On Friday, a study commissioned by the Baton Rouge Area Foundation and the Baton Rouge Area Chamber analyzed the one-page budget proposal put out by the organizers of the St. George incorporation effort and promptly took a dump on it…
If St. George successfully incorporates and becomes a new city, the new government and school board would have to raise property taxes by at least 20.5 mills to cover city operational costs and to build enough schools to house all the students living in the area, according to a report released Friday by the Baton Rouge Area Foundation and the Baton Rouge Area Chamber.
The two agencies hired accounting firm Faulk and Winkler to evaluate St. George’s one-page proposed budget and estimate the costs of running a city and independent school system.
BRAF and BRAC also backed another key report released a year ago, authored by LSU economist Jim Richardson, that warned the city of St. George would take 40 percent of the sales tax revenue currently funding city-parish operations.
The most recent report concluded St. George would immediately run into a cash shortfall both for city operations and for the capital construction that would be required to build schools to support an independent school system.
At 20.5 mills, the report says, a person with a house valued at $350,000 would pay $720 more in property taxes per year, with the homestead exemption.
And the St. George organizers, in a Facebook post, responded by taking a dump on BRAC…
As expected, the Baton Rouge Area Foundation and Baton Rouge Area Chamber released a study today that claims taxes must rise if St. George is incorporated. Of course that’s what it says. These are the same two groups who released a study earlier in the year claiming St. George would have so much money that it would bankrupt the entire parish if formed. As a pure political tactic, they now claim that we are dirt poor and will need to raise taxes to exist.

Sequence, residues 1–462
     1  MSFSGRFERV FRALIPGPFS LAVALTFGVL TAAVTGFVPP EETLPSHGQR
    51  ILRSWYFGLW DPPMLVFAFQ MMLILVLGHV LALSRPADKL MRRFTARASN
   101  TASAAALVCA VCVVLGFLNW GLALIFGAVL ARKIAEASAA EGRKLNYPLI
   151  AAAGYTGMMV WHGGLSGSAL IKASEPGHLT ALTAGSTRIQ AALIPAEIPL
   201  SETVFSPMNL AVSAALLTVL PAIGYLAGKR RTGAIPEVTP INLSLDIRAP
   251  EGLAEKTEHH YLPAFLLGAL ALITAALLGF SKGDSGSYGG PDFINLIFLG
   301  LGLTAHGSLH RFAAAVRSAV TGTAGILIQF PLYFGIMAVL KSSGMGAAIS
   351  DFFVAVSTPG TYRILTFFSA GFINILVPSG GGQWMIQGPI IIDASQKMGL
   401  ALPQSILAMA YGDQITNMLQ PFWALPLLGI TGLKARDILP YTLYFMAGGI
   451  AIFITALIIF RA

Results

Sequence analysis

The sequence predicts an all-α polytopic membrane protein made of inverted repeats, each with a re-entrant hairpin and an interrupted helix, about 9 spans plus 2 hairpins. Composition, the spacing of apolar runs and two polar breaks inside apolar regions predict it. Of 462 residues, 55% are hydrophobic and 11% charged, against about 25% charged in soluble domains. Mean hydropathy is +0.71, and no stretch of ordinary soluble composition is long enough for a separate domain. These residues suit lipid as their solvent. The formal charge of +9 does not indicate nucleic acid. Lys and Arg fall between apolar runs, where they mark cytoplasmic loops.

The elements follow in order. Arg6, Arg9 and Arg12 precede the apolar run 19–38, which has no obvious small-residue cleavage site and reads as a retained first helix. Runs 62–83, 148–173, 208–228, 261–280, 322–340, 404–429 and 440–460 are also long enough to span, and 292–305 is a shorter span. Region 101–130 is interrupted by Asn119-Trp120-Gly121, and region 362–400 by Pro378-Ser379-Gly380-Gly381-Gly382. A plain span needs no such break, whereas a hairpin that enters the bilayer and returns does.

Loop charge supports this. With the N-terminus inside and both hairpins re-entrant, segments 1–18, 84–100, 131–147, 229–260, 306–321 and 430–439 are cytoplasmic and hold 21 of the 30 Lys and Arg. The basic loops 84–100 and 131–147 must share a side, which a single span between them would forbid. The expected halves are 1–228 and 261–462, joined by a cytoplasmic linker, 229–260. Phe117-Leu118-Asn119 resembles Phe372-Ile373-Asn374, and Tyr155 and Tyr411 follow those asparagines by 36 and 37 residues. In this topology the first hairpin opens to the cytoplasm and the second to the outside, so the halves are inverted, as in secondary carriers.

That’s patently inaccurate.
The status quo is scared of us. They are scared that you now know the truth. They will literally say anything to prevent this from happening. If we are successful, gone are the days of insiders being able to influence the direction of the parish to benefit themselves. Gone are the days of their reign over this town and parish. We are a direct threat to them.
They have polled this area extensively and believe that threatening you with higher taxes is their best hope of fracturing our efforts.
But we know better and this isn’t a game. This is about our future in this parish; our children’s future in this parish. This is about standing up to the status quo and saying, “no thank you.”
At first glance, we can already tell the “study” is grossly inaccurate. It is based on biased assumptions and out-right inaccurate data. In addition, they assume this city will be run in the same irresponsible way the City of Baton Rouge is run. We will not use failed models of the past to create a city of the future. We will create a city that is responsive to the needs of its residents and responsible with their tax dollars. Your tax dollars will no longer go to downtown projects for the insider elite.
As part of this ongoing process, we will be releasing detailed budget data prepared by an independent firm that has no connections to the area. Voters will make the informed choice that’s best for their families.
This has been a long fight and we will continue to fight for you, and fight for the future of this parish. This will not be the last time they attempt to derail our efforts, but we are determined to take this to a ballot and let the people decide their future.
From everyone here, we’d like to wish you all a Merry Christmas and Happy Hanukkah and we hope that your holidays are filled with joy and laughter.
The $720 per year tax increase the BRAF/BRAC study presents is probably not a dealbreaker for a lot of the St. George residents; particularly those who are parents of school-age kids and who are considering private school as a means of escaping the awful East Baton Rouge public schools.
But we’ll definitely see a lot more back-and-forth over the finances of St. George, as that’s a fluid situation – particularly given the annexations of the Mall of Louisiana and L’Auberge Casino in recent months.